Nov 4, 2006
With excitement and barely suppressed glee, the media announced the death sentence returned against Iraqi strongman, Saddam Hussein, for crimes against humanity during the 1982 Dujail massacre.
In the face of the deadly horror that is Iraq, Hussein has become little more than a bad, but distant memory.
Indeed, in both print and audio interviews I've read and heard in the last few weeks, Iraqis looked to life under the Hussein regime as the good old days. That is a measure, not of how 'good' the old days were, but of how anguished is the present.
While Shi'as groaned under the repression of the secret police, and the Kurds lived in terror of the central government, the day-to-day life of Iraqis was one that was among the most envied of the Arab world. Its populace was among the most educated, certainly one of the highest among women in that region.
With the very serious exception of the omnipresent threat of government security forces, Iraqis lived lives of relative safety and security.
Today, Iraq is bedlam; the police and army are little more than ethnic death squads.
The U.S.-backed puppet government in Baghdad is a 'government' in name only. Real power is in the militias and regional religious leaders, like Moqtada al-Sadr, a man who is both!
In light of Saddam's death sentence, you'll probably hear some pundits claim it's a 'turning point', or a 'benchmark', of the new Iraqi democracy. In truth, it's neither.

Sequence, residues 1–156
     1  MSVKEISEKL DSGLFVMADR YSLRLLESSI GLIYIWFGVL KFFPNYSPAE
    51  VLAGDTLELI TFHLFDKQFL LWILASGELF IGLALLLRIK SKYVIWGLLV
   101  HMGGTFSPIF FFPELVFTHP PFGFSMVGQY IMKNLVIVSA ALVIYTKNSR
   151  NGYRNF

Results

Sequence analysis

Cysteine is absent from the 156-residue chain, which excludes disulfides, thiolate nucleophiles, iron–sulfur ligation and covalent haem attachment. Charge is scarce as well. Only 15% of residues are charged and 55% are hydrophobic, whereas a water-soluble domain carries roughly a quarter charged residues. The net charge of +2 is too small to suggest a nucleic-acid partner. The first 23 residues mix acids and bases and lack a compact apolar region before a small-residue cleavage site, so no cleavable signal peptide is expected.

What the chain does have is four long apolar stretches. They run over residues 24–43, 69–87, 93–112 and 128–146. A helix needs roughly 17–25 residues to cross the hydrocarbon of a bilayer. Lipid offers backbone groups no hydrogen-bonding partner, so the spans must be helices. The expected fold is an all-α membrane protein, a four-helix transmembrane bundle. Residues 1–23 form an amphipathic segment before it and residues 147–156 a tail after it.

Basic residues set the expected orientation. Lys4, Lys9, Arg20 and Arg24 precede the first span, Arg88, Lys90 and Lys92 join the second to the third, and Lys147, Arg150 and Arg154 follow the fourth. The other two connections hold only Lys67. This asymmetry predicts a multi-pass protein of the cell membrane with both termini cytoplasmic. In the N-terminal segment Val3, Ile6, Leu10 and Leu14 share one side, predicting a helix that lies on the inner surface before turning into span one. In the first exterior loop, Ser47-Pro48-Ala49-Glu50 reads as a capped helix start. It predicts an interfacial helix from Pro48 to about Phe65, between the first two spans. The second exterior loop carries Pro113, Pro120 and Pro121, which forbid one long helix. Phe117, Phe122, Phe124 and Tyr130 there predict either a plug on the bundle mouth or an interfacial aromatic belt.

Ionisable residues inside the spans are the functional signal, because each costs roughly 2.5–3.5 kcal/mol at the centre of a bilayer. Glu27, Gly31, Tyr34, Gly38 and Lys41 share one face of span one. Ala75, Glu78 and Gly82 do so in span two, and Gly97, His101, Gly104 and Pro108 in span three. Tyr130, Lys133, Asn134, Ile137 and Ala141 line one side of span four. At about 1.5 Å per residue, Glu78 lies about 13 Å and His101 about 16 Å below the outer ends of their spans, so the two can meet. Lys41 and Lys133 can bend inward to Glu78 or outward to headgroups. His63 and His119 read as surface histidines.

The forces unleashed by the invasion and occupation have become bigger than Saddam.
The irony is that Saddam Hussein, according to recently published reports, never believed that the U.S. would actually take Baghdad; not because he thought his Republican Guard was so fierce, but because he thought that Americans couldn't be so stupid.
Peter Galbraith in an Aug. 2006 article in the *New York Review of Books* criticized the military knowledge of both Defense Secretary Donald Rumsfeld, and Saddam Hussein, as leaders who routinely ignored advice from their generals.
In the article, "Mindless in Iraq," Galbraith noted:
"Men who had put their lives on the line in combat were mostly unwilling to put their careers on the line to speak out against a plan based on the numbers pulled out of the air by a cranky sixty-nine-year old [i.e., Rumsfeld].
"Fortunately for the US troops who had to invade Iraq, they were initially up against an adversary who was also convinced of his own military genius. Saddam Hussein knew it made no strategic sense for the US to invade Iraq and therefore he assumed it wouldn't happen. He had maintained ambiguity about whether he had WMDs not because he had something to hide but to intimidate the two enemies about whom he really was worried, the Iranians and Iraq's Shiite majority.
"Even before the invasion began ... Saddam could not quite believe the United States intended to go all the way to Baghdad .. Saddam could not imagine that the United States would see an advantage in replacing him with a pro-Iranian, Shiite-dominated regime." [Fr.: Galbraith, P., "Mindless in Iraq," NYROB (Aug. 10, 2006), p. 29.]
And so, Saddam will soon have a date with the hangman; but events and forces at work in Iraq will barely ripple from his passage. His death warrant, signed and sealed in Washington, D.C., will bring it no closer to US regional objectives.
Hasn't Iraq had enough death?
The hell of today is far worse than the hell of yesterday.
Copyright 2006 Mumia Abu-Jamal